Limiting the amount of information you offer prior to making your first closing attempt allows you the room to make multiple closing attempts without high-pressuring people or repeating yourself.

    Limiting the amount of information you offer prior to making your first closing attempt allows you the room to make multiple closing attempts without high-pressuring people or repeating yourself.

    Say very little; only enough to get some positive buying signs (IE. head nodding and other signs of agreement), then give them an opportunity to buy. If you get an objection, a stall or a put-off, you can provide a little more information, which is basically more reasons to buy, then give them another opportunity to make a buying decision.  That’s not offensive in the least. In fact, you can even say, “Based on this additional information, does this seem like something you’d like to go ahead with?”

    This is what I mean by “Save Your Bullets.”

    Don't Shoot Your Big Guns First
    If you really want to do it right, don't even tell them the best, most interesting things about the product or service prior to making your initial closing attempt. Then, if they don't buy, say something new about the product or service that's even better than what you already told them, and give them another opportunity to make a buying decision.

    If they don't buy at that point, say something else that's even better.

    That's what I mean when I say, "Don't shoot your big guns first."

    When You Get Turned Down
    When you get a turned down, put your finger next to the first subtotal, and say, “This is the least you can do,” then say nothing.

    If they do anything other than buy, don't respond directly to the objection. Just point to that first subtotal and say, “This has to be done.”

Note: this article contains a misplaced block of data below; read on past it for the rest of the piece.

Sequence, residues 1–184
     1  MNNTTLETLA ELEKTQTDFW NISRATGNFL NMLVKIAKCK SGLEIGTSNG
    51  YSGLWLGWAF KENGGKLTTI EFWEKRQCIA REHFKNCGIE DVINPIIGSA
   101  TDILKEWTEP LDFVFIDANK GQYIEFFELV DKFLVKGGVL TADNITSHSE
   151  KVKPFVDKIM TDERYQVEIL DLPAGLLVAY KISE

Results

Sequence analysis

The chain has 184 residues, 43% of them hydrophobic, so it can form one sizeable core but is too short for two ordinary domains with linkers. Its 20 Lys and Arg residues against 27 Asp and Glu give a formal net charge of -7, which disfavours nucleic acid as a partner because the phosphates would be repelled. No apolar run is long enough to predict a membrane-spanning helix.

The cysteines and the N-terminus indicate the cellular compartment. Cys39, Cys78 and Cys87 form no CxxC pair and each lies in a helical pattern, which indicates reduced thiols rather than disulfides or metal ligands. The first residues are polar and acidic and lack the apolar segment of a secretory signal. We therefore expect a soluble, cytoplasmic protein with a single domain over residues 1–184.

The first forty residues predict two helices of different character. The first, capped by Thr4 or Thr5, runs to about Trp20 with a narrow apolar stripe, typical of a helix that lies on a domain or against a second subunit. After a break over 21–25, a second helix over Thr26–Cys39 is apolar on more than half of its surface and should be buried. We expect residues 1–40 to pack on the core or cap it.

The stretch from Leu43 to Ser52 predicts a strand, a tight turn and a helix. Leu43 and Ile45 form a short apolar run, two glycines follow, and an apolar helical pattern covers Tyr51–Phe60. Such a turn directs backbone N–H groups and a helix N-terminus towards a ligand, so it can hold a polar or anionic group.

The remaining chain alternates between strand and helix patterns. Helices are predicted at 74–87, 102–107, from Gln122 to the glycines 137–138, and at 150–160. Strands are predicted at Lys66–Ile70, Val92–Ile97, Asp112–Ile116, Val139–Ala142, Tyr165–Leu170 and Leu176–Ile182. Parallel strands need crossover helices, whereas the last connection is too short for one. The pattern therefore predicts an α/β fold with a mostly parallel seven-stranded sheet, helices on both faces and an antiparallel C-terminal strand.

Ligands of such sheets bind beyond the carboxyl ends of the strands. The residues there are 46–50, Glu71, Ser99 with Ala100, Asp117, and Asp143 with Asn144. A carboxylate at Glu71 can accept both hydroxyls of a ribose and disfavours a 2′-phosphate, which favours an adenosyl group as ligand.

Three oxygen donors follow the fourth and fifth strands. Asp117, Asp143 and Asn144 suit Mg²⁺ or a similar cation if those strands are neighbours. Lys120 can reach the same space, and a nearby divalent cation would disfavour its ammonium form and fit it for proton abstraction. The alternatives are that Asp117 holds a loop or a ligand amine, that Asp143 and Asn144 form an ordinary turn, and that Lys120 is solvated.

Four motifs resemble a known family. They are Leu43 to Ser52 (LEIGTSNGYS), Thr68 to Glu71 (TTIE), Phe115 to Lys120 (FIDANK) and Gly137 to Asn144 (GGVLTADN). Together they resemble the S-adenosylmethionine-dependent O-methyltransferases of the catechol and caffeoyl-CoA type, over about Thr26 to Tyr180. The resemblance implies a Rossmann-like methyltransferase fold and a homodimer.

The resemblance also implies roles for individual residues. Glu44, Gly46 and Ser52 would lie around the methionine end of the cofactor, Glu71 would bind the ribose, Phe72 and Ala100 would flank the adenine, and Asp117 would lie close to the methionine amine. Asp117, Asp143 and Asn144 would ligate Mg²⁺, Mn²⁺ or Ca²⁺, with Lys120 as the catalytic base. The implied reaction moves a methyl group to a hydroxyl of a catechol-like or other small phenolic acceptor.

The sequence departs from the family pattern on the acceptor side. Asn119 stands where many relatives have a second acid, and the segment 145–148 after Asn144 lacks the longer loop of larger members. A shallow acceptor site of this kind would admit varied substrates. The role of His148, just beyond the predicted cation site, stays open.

If they haven’t bought yet, back off. Tell them, “That’s fine; and I need to put your equipment back together.”

    If you got completely turned down at this point, it would still take you 15-20 minutes to pack up and leave. This can give people a few minutes away from you to discuss the issue or think things over.

    Hopefully, they'll approach you with a decision to go ahead and do at least some of the work you've recommended.

    They might have a question. That's the perfect opportunity to tell them some more good things about what you're recommending, or drive home the need or sense of urgency.

    The "Last Resort Close":
    Give it a good ten minutes or so, put on your serious face, approach the customer and say, "Mr(s). Customer's, as a professional, I couldn't in all clear conscience put everything back together and leave without giving you one last opportunity to avoid some major potential problems in the future. You really need to get one of these," and point to an item on the Paper Towel Close.

    The "Impulse Buy"
    When the customer says, "Okay. I'll take that," immediately point to one more item on the list and say, "You're gonna want that, too."

    Charlie Greer was voted "Favorite Industry Sales Trainer" in 2019 and is the creator of "Tec Daddy's Service Technician Survival School on DVD," the video training course that provides you with a year's worth of weekly sales meetings. For more information on Charlie's products and services, go to www.hvacprofitboosters.com or call 1-800-963-HVAC (4822). Email your comments or sales questions to [email protected].